Op-ed: To Lower Drug Costs, End Prescription Coupons

A common prescription drug industry practice has the effect of driving up the cost of medication in the U.S., writes C. Michael White, professor of pharmacy practice.

An illustration of pills decorated with hundred-dollar bills.

A UConn Pharmacy professor argues that, to cut prescription drug prices, Americans should look to ending a common industry practice rather than importing medication from abroad. (Getty Images)

When the federal government recently announced that it will allow pilot projects in a few states whereby wholesalers and pharmacists could import drugs from Canada, not all the details were apparent. It will be many years before the average American will be able to import any drug at all. And,  it is likely that after completion of the lawsuits and the pilot projects, drug prices in Canada will rise, meaning Americans would not see lower costs.  In addition, the pilot projects exclude the most expensive prescription drugs, called biological drugs.

There is a quicker and better way to achieve the same goal: Eliminate consumer use of prescription drug coupons.  Prescription drug coupons immediately save consumers money on their prescription drug out-of-pocket expenses but this conceals a dark underside that costs billions of dollars on the back end. The federal government bans prescription coupons for Medicare or Medicaid because it believes that they are illegal kickbacks that violate federal law, but inexplicably allows them for patients with commercial insurance.

How Commercial Health Plans Control Costs

Commercial health plans manage the prescription drug benefit they offer to their employees or members.  They incentivize more economical choices among consumers, but none of these methods are pain-free.  Some plans have a closed formulary where certain drugs are excluded, while others have prior authorization where people with special circumstances can get the drug while others cannot.  These plans are expensive to administer because the people running them need to have some knowledge of the disease and treatments involved, and they are frustrating for the patient and the clinician who face initial denials and subsequently have to provide more information to get approval.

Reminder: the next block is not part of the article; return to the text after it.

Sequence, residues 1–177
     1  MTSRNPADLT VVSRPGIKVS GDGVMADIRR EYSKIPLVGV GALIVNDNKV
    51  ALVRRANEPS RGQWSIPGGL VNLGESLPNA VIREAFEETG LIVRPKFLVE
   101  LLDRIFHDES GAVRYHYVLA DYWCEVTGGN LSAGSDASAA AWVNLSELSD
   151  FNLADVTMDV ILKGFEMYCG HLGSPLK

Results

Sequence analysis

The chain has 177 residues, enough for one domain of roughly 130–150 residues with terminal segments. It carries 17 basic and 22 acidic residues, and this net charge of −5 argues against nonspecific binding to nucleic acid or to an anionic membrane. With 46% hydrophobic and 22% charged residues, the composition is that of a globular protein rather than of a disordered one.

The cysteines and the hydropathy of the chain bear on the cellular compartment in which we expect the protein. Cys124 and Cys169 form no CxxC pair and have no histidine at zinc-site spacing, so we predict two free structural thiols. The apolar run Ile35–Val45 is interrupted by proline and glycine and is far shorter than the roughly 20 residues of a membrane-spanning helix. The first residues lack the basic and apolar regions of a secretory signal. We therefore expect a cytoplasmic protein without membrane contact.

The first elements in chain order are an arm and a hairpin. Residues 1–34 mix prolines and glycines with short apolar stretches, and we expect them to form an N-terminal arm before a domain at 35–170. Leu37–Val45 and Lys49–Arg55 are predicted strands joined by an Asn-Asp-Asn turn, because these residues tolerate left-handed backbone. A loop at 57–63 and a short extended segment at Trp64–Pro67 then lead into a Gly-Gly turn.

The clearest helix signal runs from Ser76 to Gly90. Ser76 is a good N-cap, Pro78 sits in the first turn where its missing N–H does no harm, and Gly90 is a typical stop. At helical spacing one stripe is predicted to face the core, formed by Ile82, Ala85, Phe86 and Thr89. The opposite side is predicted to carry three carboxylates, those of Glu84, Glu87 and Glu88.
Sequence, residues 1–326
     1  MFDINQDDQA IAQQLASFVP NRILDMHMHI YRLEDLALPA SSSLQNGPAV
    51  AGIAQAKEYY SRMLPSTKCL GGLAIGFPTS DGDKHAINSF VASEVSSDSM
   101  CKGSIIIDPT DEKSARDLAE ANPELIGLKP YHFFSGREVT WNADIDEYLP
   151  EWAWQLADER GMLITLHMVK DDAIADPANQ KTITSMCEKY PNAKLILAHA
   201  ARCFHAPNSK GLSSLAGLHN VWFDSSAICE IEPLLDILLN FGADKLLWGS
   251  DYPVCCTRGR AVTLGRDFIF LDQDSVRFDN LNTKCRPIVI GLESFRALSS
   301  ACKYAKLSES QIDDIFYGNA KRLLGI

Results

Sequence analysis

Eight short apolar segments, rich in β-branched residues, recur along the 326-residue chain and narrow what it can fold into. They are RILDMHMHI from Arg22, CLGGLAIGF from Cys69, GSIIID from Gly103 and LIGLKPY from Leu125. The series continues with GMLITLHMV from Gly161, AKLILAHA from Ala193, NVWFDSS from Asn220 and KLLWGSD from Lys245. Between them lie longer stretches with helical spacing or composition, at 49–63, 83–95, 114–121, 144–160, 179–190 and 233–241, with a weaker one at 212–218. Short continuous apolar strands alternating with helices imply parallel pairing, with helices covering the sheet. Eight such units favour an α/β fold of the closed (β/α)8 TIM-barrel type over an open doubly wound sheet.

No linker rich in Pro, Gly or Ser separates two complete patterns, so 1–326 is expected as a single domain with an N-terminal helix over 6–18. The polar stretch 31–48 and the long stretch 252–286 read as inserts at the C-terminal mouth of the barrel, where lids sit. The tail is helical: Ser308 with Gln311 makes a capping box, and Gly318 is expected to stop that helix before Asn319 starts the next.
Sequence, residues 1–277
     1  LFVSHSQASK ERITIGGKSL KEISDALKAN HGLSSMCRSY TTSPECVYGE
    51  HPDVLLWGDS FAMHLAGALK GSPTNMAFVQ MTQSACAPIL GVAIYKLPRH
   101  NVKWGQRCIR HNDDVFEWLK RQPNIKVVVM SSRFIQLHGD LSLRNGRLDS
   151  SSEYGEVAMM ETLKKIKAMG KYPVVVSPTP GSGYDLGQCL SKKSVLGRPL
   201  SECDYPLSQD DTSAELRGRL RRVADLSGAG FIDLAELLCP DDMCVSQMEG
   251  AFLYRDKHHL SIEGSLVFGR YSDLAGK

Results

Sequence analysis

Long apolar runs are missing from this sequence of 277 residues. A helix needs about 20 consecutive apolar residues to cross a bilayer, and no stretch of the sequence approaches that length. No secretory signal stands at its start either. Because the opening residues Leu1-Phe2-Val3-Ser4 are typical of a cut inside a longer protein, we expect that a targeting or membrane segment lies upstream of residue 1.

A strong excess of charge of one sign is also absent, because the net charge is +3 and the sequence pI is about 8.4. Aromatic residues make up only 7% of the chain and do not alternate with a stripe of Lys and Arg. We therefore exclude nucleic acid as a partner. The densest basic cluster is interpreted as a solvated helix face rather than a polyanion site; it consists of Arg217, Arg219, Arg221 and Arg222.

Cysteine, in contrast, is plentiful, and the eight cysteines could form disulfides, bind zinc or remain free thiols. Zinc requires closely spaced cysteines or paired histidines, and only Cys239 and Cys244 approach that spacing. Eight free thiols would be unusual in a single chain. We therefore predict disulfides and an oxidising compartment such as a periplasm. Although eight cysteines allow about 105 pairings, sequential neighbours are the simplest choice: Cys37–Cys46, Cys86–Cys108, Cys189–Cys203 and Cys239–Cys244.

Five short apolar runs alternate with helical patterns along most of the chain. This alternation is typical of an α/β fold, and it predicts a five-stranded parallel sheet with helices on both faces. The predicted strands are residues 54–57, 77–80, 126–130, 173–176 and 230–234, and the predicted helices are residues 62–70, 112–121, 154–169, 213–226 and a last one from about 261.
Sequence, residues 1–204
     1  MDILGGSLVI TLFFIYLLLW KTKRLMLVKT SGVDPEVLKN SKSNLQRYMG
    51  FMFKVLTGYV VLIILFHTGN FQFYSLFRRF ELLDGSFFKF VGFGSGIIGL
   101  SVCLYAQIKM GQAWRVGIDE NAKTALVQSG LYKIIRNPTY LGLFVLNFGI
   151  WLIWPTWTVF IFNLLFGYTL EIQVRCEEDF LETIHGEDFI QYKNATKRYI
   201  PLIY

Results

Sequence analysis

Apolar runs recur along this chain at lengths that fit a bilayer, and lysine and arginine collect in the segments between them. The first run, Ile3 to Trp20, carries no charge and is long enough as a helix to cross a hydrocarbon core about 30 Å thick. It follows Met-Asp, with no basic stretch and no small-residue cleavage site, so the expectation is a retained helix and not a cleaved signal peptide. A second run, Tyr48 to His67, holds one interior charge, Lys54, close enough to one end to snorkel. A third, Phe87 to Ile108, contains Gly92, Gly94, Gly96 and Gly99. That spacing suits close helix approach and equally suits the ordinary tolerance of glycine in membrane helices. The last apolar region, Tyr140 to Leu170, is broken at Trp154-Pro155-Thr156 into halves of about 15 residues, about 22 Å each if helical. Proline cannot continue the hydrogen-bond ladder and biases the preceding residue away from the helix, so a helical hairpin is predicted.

As a result, many commercial plans have moved to a tiered formulary model, where drugs that should work well for most people and are cost effective (like generic medications or brand name drugs in a class with more reasonable pricing) are designated as tier 1.  Less cost-effective options are designated as tier 2 or tier 3. The greater the tier number, the greater the out-of-pocket expense for the consumer.  Consumers frequently ask for a less-expensive option if their clinicians write a prescription that is tier 2 or 3. This pressures manufacturers to lower the cost of the drugs directly or through rebates to the health plans.

Why Manufacturers Offer Prescription Drug Coupons

The Achilles heel of the tiered formulary is the prescription drug coupon.  It allows people eligible for tier 2 or tier 3 drugs to pay a copay amount similar to that in tier 1.  The consumer goes to the pharmacy with the prescription for the higher tiered drug, the pharmacist processes the prescription, the health plan pays their share and tells the pharmacist what copay to charge to consumer.  The consumer uses the coupon to pay for the difference between the tier 1 copay and the copay for the higher tier and the health plan is none the wiser.  Better access and immediate lower costs for the consumer sounds as American as apple pie, a true win-win.

Unfortunately, copays usually only cover about 20% of the total cost of the drugs, so the differential between tier 1 and 2 does not cover the increase in overall prescription drug spending.  For example, a tier 1 generic cholesterol drug costs $60 and has a copay of $30, so the health plan pays $30 of the cost.  The brand name statin in tier 2 costs $180 with a co-pay of $50, so the health plan pays $130 instead of $30 of the cost while the patient still pays $30.  In this scenario, the manufacturer gets additional sales volume tempered by some small lost profitability. However, by eliminating any financial incentive for patients to use a lower cost alternative, the manufacturers can then increase the overall price for their product to make up for the lost per prescription profit margin.

What is the real impact on prescription drug utilization and cost? Coupons are estimated to increase brand-name (as opposed to generic) purchases by more than 60% and they substantially increase spending on other tier 2 and 3 drugs as well.  Manufacturers of 23 brand-name drugs with new generic competition used coupons between 2007 and 2010, resulting in over $700 million in additional overall drug spending. Prescription coupons from all sources are estimated to increase 10-year prescription drug costs by $32 billion.

The Bottom Line

Drug importation is extremely complex and will take years to be available here, if it happens at all.  In contrast, eliminating prescription coupons will allow market forces to reduce utilization and drug prices.  If the federal government believes that these coupon programs are akin to illegal kickbacks in federally provided healthcare, they should be outlawed in the overall drug market as well.